Traveling by Train in Thailand: A Guide to the Bangkok to Chiang Mai Sleeper Train

I began my adventure on train in Thailand after I had read on the website of a well-known train travel blogger, the man in Seat 61 (www.seat61.com) that traveling to Chiang Mai from Bangkok by sleeper train was the most economical and comfortable option.

Although I didn’t experiment with flying, the train took me both ways and I found it to be a very agreeable way to travel. As Chiang Mai is a very popular tourist destination and acts as a gateway to the national parks of Northern Thailand, the route is a well-worn one, and very popular with backpackers.

What you need to know when you're traveling by train in Thailand. Tips and tricks.

Despite a flight from Bangkok to Chiang Mai taking less than two hours and costing not much more than 1500thb, it is still no more convenient than the train for those with a more relaxed schedule. The second class express train costs only 800thb, which at the time of writing is not much more than the price of a guesthouse in Bangkok. This option took around thirteen hours, which sounds quite daunting until you consider that most of the time is spent either sleeping or relaxing in a comfortable bunk, letting you arrive in the morning well-rested after a refreshing sleep on the rails. It was a wonderful journey by train in Thailand. 

Buying a Ticket

What you need to know when you're traveling by train in Thailand. Tips and tricks.

The train leaves from Hua Lamphong, which is Bangkok’s main overland train station and has its own MRT station.  I was advised by a local that trains number 9 and 10 were the new faster trains, and the most comfortable. There are three classes to choose from, with second class being the most popular. The cheapest option, however, is the slow train, which takes 15 hours and offers only seats, but might be a good choice for fearless low budget travelers.

Having only decided to visit Chiang Mai the preceding day, I had not booked an advance ticket and arrived at Hua Lamphong station two hours before the train was due to leave at 18:00. After a painless transaction with an English-speaking member of staff, I was left with some time to visit the nearby temple Wat Hua Lamphong to find a moment’s peace amidst the bustle of Bangkok.  This is confusingly located adjacent to the next closest MRT station Sam Yan but is a pleasant place to prepare yourself for the journey.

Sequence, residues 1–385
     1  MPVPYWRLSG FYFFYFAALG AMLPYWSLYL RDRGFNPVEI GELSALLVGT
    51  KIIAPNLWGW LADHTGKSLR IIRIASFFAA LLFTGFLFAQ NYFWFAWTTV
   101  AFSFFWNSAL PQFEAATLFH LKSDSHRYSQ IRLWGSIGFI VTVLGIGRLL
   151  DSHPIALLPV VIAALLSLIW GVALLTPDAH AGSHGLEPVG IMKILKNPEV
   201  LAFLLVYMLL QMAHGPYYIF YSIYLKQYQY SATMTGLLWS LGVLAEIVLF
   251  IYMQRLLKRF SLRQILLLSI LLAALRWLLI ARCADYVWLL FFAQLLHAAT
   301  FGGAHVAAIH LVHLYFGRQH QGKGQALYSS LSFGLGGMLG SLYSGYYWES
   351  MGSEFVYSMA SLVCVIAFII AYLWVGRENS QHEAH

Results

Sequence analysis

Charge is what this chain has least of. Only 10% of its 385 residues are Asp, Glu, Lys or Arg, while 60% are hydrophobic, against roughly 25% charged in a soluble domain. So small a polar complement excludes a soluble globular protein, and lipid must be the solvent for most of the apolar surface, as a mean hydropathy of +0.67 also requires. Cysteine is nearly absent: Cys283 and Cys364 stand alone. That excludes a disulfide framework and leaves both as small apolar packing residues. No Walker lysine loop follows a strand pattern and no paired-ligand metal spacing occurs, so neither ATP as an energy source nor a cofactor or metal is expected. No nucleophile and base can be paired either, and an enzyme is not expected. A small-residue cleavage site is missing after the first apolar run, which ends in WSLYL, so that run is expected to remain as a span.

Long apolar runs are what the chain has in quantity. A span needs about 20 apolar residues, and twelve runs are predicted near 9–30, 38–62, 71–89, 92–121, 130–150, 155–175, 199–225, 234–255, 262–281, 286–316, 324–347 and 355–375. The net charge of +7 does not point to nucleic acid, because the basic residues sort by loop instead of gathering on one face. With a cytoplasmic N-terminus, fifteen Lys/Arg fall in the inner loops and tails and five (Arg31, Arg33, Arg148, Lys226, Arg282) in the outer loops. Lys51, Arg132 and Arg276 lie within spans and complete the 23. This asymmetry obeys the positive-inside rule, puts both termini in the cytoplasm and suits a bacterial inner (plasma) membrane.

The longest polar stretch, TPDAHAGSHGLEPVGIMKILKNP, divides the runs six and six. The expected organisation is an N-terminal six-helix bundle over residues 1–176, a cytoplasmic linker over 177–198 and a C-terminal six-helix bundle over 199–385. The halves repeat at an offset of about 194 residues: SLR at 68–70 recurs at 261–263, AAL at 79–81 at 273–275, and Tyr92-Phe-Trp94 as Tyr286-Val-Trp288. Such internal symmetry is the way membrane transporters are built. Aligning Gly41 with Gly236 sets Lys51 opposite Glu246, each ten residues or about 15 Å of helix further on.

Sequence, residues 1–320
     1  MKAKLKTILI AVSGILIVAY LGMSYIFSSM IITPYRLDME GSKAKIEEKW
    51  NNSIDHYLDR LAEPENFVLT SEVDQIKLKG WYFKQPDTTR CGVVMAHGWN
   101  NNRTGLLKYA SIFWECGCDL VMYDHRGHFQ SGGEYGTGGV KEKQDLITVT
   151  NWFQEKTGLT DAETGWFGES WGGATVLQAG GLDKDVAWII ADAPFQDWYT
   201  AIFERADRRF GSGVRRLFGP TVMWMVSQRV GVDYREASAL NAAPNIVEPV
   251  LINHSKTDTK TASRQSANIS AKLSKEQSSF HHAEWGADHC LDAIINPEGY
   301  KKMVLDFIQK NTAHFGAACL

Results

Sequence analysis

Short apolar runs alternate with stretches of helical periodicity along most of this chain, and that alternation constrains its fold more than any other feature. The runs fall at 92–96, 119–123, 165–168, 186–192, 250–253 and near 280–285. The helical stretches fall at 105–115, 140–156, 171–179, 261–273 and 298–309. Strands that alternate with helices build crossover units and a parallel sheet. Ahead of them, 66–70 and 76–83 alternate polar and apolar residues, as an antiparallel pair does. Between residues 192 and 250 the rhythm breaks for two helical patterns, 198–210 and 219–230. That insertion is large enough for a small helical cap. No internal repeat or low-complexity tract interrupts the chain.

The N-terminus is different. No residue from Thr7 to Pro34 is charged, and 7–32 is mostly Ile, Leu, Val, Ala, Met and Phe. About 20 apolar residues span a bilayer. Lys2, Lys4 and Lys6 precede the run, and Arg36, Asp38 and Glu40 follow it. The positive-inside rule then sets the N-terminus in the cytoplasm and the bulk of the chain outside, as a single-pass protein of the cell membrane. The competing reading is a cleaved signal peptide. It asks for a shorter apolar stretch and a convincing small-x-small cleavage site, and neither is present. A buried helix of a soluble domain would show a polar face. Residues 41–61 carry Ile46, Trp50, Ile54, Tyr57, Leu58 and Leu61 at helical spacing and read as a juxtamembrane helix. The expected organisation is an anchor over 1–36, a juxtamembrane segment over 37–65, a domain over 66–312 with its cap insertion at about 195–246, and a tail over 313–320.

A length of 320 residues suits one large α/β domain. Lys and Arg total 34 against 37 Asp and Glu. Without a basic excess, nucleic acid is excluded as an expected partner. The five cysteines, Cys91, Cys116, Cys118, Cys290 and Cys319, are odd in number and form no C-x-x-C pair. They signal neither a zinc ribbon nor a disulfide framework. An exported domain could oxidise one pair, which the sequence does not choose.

Boarding the Train

On reaching the platform, attendants are in place to direct you to your carriage, which can take some time to reach as the train is very long. I was left shivering by the fierce air conditioning inside the train, a sharp contrast from the Thai heat! Thai nationalist music was blaring from the speakers on constant repeat, and I settled into my seat to eat the sushi I had purchased earlier. Although there was a restaurant car available, I didn’t get the chance to see it.

What you need to know when you're traveling by train in Thailand. Tips and tricks.

Each carriage shares two small toilets and sinks, and on boarding, the trains are arranged as seats, which are then converted to bunks as requested by the attendants. The top bunk offers more relative privacy, but the bottom has a window which offers a great view of the passing mountains as you roll towards Chiang Mai. Both are equipped with plug sockets.

Although the lights are left on all night, I still found it possible to get a reasonable nights sleep. Perhaps the lack of distractions made this possible, as no Wifi was offered apart from in the restaurant carriage. This meant I also got a chance to test the coverage of the True 4G SIM I was using, the coverage of which only dipped momentarily through the journey. If you are heading to Thailand and wish to pick up a local SIM, I can recommend this option – but check out all of the available options (here) http://simtourist.com/international-sim-card-comparison/best-sim-card-for-thailand

This allowed for a remarkably peaceful journey and a peaceful awakening in the morning by the sing-song chatter of Thai train attendants. To the east on the right-hand side of the train, the sun was rising over the mountains, and the staff were traversing the length of the train hastily converting bunks to benches.

Any stragglers and late sleepers were ushered awake and advised to leave their bunk so it might revert to a seat before arrival.

Arrival

After my journey on train in Thailand I arrived at Chiagn Mai. Here I found throngs of backpackers and Chinese tourists filled the forecourt, around which tuk-tuk drivers and taxi drivers were swarming like flies offering rides into the city center, which should be no more than 150thb, and cheaper if you take a shared pick-up taxi. Tuk tuks are likely to be more expensive than taxis, and the taxis here do not have a meter.

Stepping aside from the crowds and circling drivers, I crossed the road to the Bossotel bar for a replenishing intercontinental buffet breakfast at 120 thb. I can recommend this place as a good spot to gather your thoughts and consider your next move.

Find out more about exploring Thailand here with stories on some of the best islands to explore and why you can’t miss Koh Samui.

What you need to know when you're traveling by train in Thailand. Tips and tricks.

About the Author

Bicycle flâneur, landscape architect, and writer at SIM Tourist. Kieran hails from the English Midlands and specializes in travel and environmental issues. Thank you to Kieran for his journey on the train in Thailand.

About Kieran Smith

Bicycle flâneur, landscape architect, and writer at SIM Tourist. Kieran hails from the English Midlands and specializes in travel and environmental issues.